Velcro mounting for quick and easy removal.

Velcro mounting for quick and easy removal.

Now I just need to get the last pieces and figure out where in my car I’m going to mount it.

END OF LINE

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5 Comments

  1. MaddMedic

     /  August 8, 2014

    A http://swattourniquet.com/photos.html would fit well in your kit..

    Reply
    • It’s one of the options I’m considering. Our local PD carries them in a belt kit, and actually used them to save someone a couple of months ago.

      The orange SOF Tourniquet that Tam linked to is another option I’m contemplating. Higher visibility is better, for something like this.

      I need to get with our Supply LT, first. The Squad will fill a personal kit, but I’m not sure if that includes a tourniquet and QuikClot or not.

      Reply
      • MaddMedic

         /  August 8, 2014

        The SOF Tourniquet is the one all the LEOs and State Troopers I work with and our Ambulances use. Is a good tourniquet..
        And self application is easy as I found out after an ‘incident’ I had in the Boundary Waters a few years back…Good thing I had one..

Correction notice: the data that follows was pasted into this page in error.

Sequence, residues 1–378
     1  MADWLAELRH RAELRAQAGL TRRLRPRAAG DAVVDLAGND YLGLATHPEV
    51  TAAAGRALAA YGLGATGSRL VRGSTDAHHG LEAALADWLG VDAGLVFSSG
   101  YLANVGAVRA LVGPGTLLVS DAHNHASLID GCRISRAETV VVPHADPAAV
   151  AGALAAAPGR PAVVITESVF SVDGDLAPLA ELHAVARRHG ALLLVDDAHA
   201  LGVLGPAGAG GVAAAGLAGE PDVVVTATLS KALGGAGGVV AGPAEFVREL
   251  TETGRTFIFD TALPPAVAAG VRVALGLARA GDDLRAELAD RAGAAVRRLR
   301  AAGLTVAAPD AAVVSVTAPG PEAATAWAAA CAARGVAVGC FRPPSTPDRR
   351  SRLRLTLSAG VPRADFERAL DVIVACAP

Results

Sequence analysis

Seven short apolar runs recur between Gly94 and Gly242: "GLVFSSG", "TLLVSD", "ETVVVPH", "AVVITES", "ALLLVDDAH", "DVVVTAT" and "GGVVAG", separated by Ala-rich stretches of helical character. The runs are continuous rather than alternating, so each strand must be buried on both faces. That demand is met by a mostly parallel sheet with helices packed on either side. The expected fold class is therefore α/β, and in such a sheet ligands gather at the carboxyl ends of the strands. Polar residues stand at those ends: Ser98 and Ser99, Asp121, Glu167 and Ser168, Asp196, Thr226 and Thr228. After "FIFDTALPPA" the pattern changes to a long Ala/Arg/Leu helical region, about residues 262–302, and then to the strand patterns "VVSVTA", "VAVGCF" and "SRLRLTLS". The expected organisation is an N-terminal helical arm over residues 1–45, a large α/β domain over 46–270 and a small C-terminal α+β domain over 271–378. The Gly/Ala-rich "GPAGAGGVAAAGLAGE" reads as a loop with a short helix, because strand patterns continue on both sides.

Nice job in the kit…Embarrassed to admit that as a Medic I do not have one in my car., I have everything I possibly need, but is here and there, somewhere in the vehicle..(My hunting pack, range pack, boat, etc I do have kits) but the car I spend 2 to 3 hours daily commuting in?

      • Honestly, if I can get a SOF-T from the Squad, I’m tempted to still buy a SWAT-T to go with it, since the SWAT-T can also be used with a 5×9 to make a pretty good pressure bandage.

        That little MOLLE carrier they show at your link would be perfect, too. I could strap it right to the front of the bag and have a tourniquet and pair of gloves right on the outside. I can’t seem to find one on Amazon, though.

  1. Smile! | Curses! Foiled Again!